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Traditions of Christmas

By Staff | Dec 18, 2009

Michelle Ackerman, of rural Sibley, displays the tools she uses for making the Norwegian potato treat — lefse.

SIBLEY – Individual people’s Christmas traditions are rooted in their families’ ethnic history.

This week’s farm cooks share seasonal recipes handed down through the generations from their Norwegian, Dutch and German ancestors.


Michelle Ackerman, of rural Sibley, is Norwegian at heart, she said, or at least her grandfather was. Her memories of the lefse her family enjoyed during the holidays inspired her to learn to make it herself.

After purchasing the tools to make the job easier, Ackerman tried her luck at making it each year.

Ed and Jan Harskamp, of rural Sibley with their stoopwafels which their families crave during Christmas.

“I’m always improving my recipe.” she laughs. “There are so many different opinions on how it should be done. This is the recipe I use and find to be most like the lefse my great-aunt Clara used to make.”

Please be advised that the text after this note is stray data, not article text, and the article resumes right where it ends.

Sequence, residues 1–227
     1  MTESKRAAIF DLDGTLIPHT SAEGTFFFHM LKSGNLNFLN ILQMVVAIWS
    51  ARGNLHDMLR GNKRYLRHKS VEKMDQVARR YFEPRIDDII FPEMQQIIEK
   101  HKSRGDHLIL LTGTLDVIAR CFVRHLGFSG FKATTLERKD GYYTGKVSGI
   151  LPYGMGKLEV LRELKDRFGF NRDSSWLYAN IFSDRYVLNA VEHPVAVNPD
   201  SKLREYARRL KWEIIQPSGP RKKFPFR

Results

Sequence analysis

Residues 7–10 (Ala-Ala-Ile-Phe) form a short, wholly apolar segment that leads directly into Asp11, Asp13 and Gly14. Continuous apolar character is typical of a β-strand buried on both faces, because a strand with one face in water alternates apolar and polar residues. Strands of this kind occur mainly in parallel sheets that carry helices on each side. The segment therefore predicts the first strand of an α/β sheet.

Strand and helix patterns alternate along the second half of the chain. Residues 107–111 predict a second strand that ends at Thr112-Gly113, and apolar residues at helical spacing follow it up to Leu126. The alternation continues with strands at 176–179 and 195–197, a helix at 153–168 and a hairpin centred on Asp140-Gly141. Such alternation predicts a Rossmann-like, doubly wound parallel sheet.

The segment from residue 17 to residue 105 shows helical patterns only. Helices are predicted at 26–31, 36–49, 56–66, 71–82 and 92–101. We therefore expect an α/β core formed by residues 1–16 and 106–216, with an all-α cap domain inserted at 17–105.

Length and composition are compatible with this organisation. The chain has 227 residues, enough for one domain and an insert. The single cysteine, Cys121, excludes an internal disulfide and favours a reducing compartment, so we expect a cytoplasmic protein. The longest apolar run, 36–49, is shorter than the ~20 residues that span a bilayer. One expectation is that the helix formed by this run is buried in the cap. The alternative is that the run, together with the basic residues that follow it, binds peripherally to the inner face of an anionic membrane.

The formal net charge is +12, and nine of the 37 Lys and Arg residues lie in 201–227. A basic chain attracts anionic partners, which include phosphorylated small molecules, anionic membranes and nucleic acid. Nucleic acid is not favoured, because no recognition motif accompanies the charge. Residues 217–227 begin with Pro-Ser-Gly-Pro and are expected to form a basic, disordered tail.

The secret to making good lefse, Ackerman said, is in the potatoes used to make it.

“You must use either Burbanks or Russet potatoes,” she said. “My antique potato ricer is also an essential tool.” Other tools include her canvas-covered round board, for rolling the lefse, an electric lefse grill, and a special stick she uses to flip and roll the lefse as it cooks.

There are as many opinions on how it should be made, as there are opinions on how it should be eaten.

Ackerman’s family enjoys it spread with butter, sprinkled with sugar and rolled up. They also prefer it served chilled as to warm off the grill.

Barb Block, of Ocheyedan, above, poses with her pfeffernuesse cookies, by her German feather tree.

Michelle’s favorite lefse

8 cups of riced potatoes (Burbanks or Russets works best)

1/2 cup of whipping cream

1/2 cup of butter

1 tablespoon salt

Ackerman rolls lefse prior to being served.

4 cups of flour

Peel potatoes, cook and drain. Run potatoes through potato ricer once or twice depending on one’s preference.